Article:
Tuesday, April 28, 2009

No Harm No Foul? Right!

White House Military Office Director Louis Caldera apologized for any panic caused by a flight mission and photo op that looked like Air Force One and fighter jets heading toward the New York City skyline Monday morning.

Caldera said he approved the mission last week and that federal authorities took the proper steps to notify state and local authorities in New York and New Jersey.

But for people who work in the New York financial district, the event brought back nightmares of the September 11, 2001 attacks. Numerous buildings in lower Manhattan evacuated in a panic during this morning's false alarm. (Here's a link to NBC New's coverage of it last night.)

"It's clear that the mission created confusion and disruption. I apologize and take responsibility for any distress that flight caused," Caldera said in a White House issued paper statement.

The plane that flew in New York Monday was a version of the Boeing 747 that's called Air Force One when the president is aboard.

New York City Mayor Michael Bloomberg blasted the photo opportunity for being insensitive and showing "poor judgment."

In a brief statement after the flight, the New York Police Department acknowledged it was aware the flight was happening, but claimed the Federal Aviation Administration told them not to talk about it.

"The flight of a VC-25 aircraft and F-16 fighters this morning was authorized by the FAA for the vicinity of the Statue of Liberty with directives to local authorities not to disclose information about it but to direct any inquiries to the FAA Air Traffic Security Coordinator," the statement said.

The aircraft involved in this morning's mission, a VC-25, is the military's version of a Boeing 747, with state-of-the-art communication and electronic equipment. It is a backup plane that is sometimes used as Air Force One to carry the President of the United States.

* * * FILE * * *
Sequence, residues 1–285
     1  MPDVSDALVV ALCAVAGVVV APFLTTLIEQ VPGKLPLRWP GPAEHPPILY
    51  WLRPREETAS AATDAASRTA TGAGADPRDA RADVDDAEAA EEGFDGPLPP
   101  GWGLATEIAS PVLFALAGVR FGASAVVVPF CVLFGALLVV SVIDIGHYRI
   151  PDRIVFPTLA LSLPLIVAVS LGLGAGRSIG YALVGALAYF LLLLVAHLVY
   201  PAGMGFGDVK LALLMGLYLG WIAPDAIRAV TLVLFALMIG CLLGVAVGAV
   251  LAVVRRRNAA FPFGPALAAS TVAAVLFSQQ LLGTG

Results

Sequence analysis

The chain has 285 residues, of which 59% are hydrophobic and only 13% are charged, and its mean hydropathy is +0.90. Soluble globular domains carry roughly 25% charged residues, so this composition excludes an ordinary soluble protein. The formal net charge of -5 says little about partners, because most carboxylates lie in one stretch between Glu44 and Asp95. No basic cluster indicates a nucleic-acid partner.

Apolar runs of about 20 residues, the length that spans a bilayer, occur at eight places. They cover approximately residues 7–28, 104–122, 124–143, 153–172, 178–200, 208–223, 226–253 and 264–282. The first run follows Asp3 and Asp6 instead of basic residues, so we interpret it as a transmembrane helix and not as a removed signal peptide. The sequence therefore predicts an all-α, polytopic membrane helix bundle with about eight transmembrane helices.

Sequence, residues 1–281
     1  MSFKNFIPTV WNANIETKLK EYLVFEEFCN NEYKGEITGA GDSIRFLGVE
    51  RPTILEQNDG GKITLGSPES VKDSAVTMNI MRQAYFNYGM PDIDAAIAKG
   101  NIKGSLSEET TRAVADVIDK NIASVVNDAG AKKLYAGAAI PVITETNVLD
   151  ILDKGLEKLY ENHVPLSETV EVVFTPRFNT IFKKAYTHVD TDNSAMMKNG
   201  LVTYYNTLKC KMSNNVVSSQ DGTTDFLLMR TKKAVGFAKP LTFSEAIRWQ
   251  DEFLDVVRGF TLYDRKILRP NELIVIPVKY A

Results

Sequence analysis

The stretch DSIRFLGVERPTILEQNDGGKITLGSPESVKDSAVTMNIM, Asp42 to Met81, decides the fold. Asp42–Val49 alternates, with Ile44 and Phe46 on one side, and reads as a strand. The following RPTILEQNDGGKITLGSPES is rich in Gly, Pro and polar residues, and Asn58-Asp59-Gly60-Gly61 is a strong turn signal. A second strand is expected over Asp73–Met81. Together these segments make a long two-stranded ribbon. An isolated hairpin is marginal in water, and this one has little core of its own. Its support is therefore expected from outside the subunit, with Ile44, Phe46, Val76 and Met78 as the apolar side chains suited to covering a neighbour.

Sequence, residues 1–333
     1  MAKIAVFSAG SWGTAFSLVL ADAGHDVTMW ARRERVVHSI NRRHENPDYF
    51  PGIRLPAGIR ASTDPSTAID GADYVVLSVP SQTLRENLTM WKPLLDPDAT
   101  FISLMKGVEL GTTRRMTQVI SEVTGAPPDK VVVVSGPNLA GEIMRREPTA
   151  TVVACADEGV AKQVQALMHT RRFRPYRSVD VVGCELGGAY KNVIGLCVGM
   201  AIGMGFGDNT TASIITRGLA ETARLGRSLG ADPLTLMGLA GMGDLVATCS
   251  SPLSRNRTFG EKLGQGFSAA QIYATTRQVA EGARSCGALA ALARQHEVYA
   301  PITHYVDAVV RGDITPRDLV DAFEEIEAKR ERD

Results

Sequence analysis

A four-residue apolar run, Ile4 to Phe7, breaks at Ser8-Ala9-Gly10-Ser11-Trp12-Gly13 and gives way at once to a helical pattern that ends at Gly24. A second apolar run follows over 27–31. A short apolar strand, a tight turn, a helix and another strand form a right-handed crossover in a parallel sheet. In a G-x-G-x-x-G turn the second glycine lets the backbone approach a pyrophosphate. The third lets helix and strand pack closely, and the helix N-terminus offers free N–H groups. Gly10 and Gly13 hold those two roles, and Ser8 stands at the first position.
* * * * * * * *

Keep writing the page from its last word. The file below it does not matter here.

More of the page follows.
White House spokesman Robert Gibbs was asked several times about the flight during his daily briefing and promised he would try to get back to reporters with some answers.

So, question. What the heck was the White House staff thinking? Flying very low, toward the New York City skyline with the backup Air Force One? What could be the purpose in doing that? What did they hope to accomplish, having "Air Force One" being tracked by two military jets?

I can't wait to hear what their "explanation" will be. Maybe it will be more convincing than their statement that President Obama didn't bow to the king of Saudi Arabia. The video said differently. Here, the pictures and the near panic say differently.


  1. Yep, someone should pay, but will they? I can't wait to see the spin put on this story. Makes one wonder about the choices of leaders...

  2. Fox News was calling it "AF-1's 'Glamor Shot'".

    I think it is fitting with the megalomaniacal tendencies of this administration...

  3. The White House originally said it was a training mission and was used to get some updated pictures of Air Force One? Seriously?!

    I laughed last night when I heard Obama say he was "furious" when he heard about it. If you're so furious, fire the dope who was in charge of this. If someone actually thought this was a good idea, their judgement should be questioned.


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